Riddle-Duckworth, Inc. v. SullivanAnnotate this Case
253 S.C. 411 (1969)
171 S.E.2d 486
RIDDLE-DUCKWORTH, INC., Respondent, v. Harold SULLIVAN and Fred Green d/b/a Sullivan-Green Insurance Agency, Appellants.
Supreme Court of South Carolina.
December 8, 1969.
*412 *413 *414 Messrs. Fant & Doyle, of Anderson, for Appellants.
*415 Messrs. Anderson, Chapman & Kenyon, of Anderson, for Respondent.
*416 December 8, 1969.
This appeal involves a review of a judgment obtained against the defendants, as insurance agents, for damages sustained by plaintiff from their alleged negligence in the procurement of a liability insurance policy. Error is assigned in the failure of the lower court to grant defendants' timely motions for nonsuit, directed verdict and judgment non obstante veredicto and, in the alternative, in the refusal to grant a new trial.
We first dispose of those exceptions which assign error in the refusal of the lower court to enter judgment in favor of the defendants. These are based upon the contentions that (1) there was no showing of actionable negligence on the part of the defendants, (2) the plaintiff was guilty of contributory negligence as a matter of law, and (3) the action was barred by the statute of limitations.
In determining the foregoing issues, we are required to view the evidence and the reasonable inferences to be *417 drawn therefrom in the light most favorable to plaintiff. Our review of the testimony will be so confined, although the facts are in direct conflict on practically all material issues.
It appears that Marshall B. Duckworth and a Mr. Riddle began operating a home and auto appliance business in 1956 under the name of the plaintiff corporation, with Duckworth as the general manager. Complete liability insurance coverage for the business premises was desired and Duckworth discussed the matter with the defendant Green, an experienced insurance agent. Green was shown an elevator or hoist lift located in the plaintiff's place of business, which, while used primarily for transporting goods to and from a second floor storage area, was occasionally used to carry people. Green was informed of the uses made of the elevator and was specifically requested by plaintiff to include it in the liability coverage to be procured. Green undertook to procure the coverage desired and subsequently delivered an Owners' Landlords' and Tenants' liability insurance policy, giving assurances to plaintiff that it afforded full coverage for the business premises, including the elevator, and received from plaintiff the requested premium.
In 1958, plaintiff's business was moved to a new location nearby and Green was informed of the change so that coverage under the liability policy, which had been renewed each year, could be transferred to the new building. The new building contained a second floor to be used for storage and the elevator used in the old building was moved and installed in the new. There were no stairs in the new building and the elevator was the only way to get to the second floor. Green was informed of this fact. He immediately made the requested policy change as to location and assured plaintiff that complete coverage of the new business premises, including the elevator, was provided.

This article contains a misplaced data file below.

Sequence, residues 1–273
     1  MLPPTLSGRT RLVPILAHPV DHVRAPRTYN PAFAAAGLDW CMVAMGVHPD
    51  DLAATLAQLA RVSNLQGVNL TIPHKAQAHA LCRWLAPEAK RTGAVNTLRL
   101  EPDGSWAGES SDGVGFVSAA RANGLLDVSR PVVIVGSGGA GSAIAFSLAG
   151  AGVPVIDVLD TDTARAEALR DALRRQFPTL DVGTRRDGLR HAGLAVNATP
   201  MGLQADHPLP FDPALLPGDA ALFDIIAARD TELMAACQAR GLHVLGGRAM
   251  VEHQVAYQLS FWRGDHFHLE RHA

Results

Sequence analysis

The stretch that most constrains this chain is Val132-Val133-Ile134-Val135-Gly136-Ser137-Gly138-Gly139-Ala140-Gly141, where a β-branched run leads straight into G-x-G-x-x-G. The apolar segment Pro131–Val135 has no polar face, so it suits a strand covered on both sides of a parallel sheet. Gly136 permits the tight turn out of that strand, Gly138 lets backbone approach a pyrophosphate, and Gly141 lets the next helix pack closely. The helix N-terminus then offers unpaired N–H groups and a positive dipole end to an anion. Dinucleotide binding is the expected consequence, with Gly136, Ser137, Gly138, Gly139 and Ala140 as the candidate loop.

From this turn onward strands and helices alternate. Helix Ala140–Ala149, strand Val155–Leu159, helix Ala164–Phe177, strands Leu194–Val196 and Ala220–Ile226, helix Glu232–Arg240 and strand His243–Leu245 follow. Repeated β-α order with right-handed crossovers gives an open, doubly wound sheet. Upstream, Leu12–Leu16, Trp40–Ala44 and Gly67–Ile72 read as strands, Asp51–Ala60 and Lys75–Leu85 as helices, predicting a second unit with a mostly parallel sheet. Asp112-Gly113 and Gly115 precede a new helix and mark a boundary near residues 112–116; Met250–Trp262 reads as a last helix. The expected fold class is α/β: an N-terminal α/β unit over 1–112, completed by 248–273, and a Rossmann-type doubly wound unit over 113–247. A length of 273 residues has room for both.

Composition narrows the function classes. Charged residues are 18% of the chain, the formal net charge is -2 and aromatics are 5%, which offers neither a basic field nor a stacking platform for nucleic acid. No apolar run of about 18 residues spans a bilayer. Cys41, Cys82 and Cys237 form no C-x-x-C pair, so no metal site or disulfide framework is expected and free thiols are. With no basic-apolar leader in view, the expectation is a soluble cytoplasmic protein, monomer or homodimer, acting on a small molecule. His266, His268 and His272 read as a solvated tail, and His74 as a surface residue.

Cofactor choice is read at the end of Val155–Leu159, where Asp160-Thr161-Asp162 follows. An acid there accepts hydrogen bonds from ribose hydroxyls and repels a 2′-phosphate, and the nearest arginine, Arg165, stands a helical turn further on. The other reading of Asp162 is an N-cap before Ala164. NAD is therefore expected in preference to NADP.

The original policy was issued on January 16, 1956 for a one year period. It was renewed annually thereafter, with *418 Green sending a new policy each year and a bill for the premium. As plaintiff added new items of merchandise to the appliance business, such as lawn mowers and a machine for making keys, Green was called in each instance to inquire if the liability policy covered the additions. Green assured plaintiff each time that the business was "fully covered and there was nothing to worry about."
The last discussion of the policy coverage was in early 1962. When Duckworth, the manager of plaintiff, received the policy covering the period from January 16, 1962 to January 16, 1963, he read it and apparently some doubt arose in his mind as to whether coverage was afforded for the operation of the elevator. The policy contained a provision that insurance was afforded "only with respect to such and so many of the following coverages * * * as are indicated by specific premium charge or charges." There then followed a list of coverages with a space opposite for the amount of the premium charged for each. The work "elevator" was included in the list but no premium was entered or charged for such coverage.
After reading the 1962 policy, Duckworth called Green and asked him about coverage on various items listed in the policy, including that of elevator. Duckworth testified that, although he could read and was experienced in his own business, he was unfamiliar with the insurance business and was not sure as to whether the policy afforded the coverage which Green undertook to procure. In response to the specific inquiry concerning the 1962 policy, Green informed Duckworth that the policy provided full coverage. Duckworth relied upon Green's assurance that the policy afforded the desired protection and did nothing further about the matter.
The lift or elevator in question was apparently designed primarily for handling freight and not people. It is inferable that, because of the nature of the lift, Green did not consider it an elevator within the meaning of the policy, so as to require specific elevator coverage, but considered that it was *419 covered under the general policy provisions. It is further inferable that such construction by Green prompted the representations made to the plaintiff that protection was afforded from the hazards of the operation of the elevator.